Monday, November 14, 2011

Mystery Monday - Is There A Steamboat in My Past?

Today is the 246th anniversary of the birth of Robert "Steamboat" Fulton.

Big deal, you may say.  I would have too, until I learned he might actually be a relative of mine. 

Robert Fulton
Wikipedia Image
 Robert Fulton was born on November 14 in 1765.  In his short lifetime, he became an engineer and inventor.  He is widely credited with designing the first steamboat, in the early 1800s.  His partner in this venture was Robert Livingston, though Livingston receives little credit for his involvement.  Prior to the steamboat, Fulton designed the first known submarine in history, at the commission of Napoleon Bonaparte. 

Fulton was born in Pennsylvania, studied in Europe, married Harriet Livingston (his steamboat partner's niece), and eventually moved to New York, where he died on February 24, 1815, at the young age of 49.

But back to his possible connection with my family. 

When I first saw my maternal grandmother's birth certificate, I smiled to read her father's name:  John Fulton Jordan.  I'd never heard his full name.  But I didn't think twice about it.  Then I started going through census, marriage and other records.  Here's what I found:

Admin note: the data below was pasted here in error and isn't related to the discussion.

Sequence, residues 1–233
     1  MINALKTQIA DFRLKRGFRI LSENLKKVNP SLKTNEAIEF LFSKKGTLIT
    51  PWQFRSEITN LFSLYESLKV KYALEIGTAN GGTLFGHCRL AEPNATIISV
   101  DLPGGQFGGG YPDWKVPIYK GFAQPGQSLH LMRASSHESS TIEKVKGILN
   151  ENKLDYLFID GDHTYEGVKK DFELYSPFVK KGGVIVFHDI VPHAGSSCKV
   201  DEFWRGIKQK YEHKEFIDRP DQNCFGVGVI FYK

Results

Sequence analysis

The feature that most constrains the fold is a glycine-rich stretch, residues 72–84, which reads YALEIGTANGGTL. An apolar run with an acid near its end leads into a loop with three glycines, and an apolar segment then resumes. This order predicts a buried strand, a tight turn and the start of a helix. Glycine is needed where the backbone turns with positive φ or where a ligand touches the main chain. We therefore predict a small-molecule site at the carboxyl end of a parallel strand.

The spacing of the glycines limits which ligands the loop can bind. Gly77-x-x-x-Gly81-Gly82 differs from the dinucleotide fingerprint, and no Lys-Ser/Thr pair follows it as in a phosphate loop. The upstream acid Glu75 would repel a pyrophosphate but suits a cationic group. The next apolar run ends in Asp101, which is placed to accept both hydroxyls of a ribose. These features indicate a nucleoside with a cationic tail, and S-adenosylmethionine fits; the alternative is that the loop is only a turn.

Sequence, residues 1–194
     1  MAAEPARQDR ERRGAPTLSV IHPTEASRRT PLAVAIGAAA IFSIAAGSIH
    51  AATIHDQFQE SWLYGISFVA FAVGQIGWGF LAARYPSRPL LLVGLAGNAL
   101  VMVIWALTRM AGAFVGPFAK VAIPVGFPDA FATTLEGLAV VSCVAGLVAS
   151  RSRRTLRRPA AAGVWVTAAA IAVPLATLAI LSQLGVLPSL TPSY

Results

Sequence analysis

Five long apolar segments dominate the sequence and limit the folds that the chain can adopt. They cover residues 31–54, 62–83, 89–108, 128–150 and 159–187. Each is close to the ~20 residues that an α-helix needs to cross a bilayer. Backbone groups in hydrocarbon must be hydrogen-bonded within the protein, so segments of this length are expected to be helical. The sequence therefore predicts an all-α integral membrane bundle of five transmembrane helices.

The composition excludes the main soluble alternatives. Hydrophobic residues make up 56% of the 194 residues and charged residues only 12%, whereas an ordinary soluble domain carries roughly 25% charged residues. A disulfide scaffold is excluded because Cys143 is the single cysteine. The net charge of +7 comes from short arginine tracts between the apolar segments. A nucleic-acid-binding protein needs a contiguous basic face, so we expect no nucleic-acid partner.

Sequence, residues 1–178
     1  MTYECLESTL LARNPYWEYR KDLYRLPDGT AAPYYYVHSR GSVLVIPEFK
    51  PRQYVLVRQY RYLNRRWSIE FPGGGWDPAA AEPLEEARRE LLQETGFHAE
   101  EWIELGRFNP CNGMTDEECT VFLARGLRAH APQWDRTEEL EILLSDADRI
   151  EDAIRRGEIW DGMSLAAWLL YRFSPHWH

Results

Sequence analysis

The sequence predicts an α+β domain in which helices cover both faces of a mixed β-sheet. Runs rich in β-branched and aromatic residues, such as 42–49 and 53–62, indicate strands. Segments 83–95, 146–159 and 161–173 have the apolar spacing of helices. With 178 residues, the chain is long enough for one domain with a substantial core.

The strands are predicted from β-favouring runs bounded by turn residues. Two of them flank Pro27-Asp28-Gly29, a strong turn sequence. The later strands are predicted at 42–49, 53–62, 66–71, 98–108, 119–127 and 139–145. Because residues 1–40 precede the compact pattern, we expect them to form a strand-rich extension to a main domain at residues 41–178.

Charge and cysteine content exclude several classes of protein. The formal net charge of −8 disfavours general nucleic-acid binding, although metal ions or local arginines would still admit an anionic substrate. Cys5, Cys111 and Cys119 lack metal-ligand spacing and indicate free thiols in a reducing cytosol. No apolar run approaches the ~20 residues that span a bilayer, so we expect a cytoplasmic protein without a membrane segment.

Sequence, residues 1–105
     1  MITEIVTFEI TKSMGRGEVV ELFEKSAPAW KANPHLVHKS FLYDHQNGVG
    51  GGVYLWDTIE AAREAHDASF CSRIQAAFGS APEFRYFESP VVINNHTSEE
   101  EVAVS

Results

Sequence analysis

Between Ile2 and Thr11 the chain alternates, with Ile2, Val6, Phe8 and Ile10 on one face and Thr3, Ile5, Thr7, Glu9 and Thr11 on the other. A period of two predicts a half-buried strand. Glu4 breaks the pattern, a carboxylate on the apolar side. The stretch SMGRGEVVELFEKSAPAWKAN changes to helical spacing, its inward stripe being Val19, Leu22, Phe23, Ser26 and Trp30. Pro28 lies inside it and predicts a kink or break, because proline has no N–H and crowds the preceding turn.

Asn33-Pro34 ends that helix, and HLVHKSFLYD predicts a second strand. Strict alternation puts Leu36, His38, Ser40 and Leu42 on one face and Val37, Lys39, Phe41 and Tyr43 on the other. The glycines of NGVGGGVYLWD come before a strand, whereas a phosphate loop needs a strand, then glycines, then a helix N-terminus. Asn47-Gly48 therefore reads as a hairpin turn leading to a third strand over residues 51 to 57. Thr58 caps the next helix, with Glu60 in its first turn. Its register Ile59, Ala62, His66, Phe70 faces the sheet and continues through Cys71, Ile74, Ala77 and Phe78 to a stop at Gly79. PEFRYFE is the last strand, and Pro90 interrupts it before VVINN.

My great-grandfather John Fulton Jordan's parents were Oliver Perry Jordan and Ann Wright, who married in Harford County, Maryland on February 6, 1868.

Statue of Robert Fulton in the
National Statuary Hall Collection
at the U.S. Capitol.
Hubby's photo, September 2011.

Oliver's parents were John Jordan and Henrietta Prigg, who married in Harford County, Maryland on February 2, 1841.  I have documents that indicate this John's middle initial is either an "F" or a "P."  It's simply unclear.  I haven't been lucky enough to find anything with his full middle name.

John Jordan's parents were (yet another!) John Jordan and Rachel Fulton, who were married in Harford County, Maryland on December 14, 1813.

Again working on, I received a hint from another family tree.  After communicating with a Fulton family member also on the website, I learned Rachel was a distant niece of the famous Fulton.  I thought, "Even if it's a distant connection to a famous inventor, hey, I'll take it!"    

But I quickly calmed down and thought hold on, girl.  I had taken a very good genealogy starter course, so I knew:  until I can document these branches of the family tree for myself, take it with a grain of salt.  So I'm working on it.  I've had a few trips to the county historical society.  Next up will be a review of land records and wills, as they're available.  And maybe a Jordan or Fulton will come forward with new information.   Until this research can be completed, this connection remains a Mystery.

1 comment:

  1. The research is part of the fun! Good Luck.
    Theresa (tangled trees)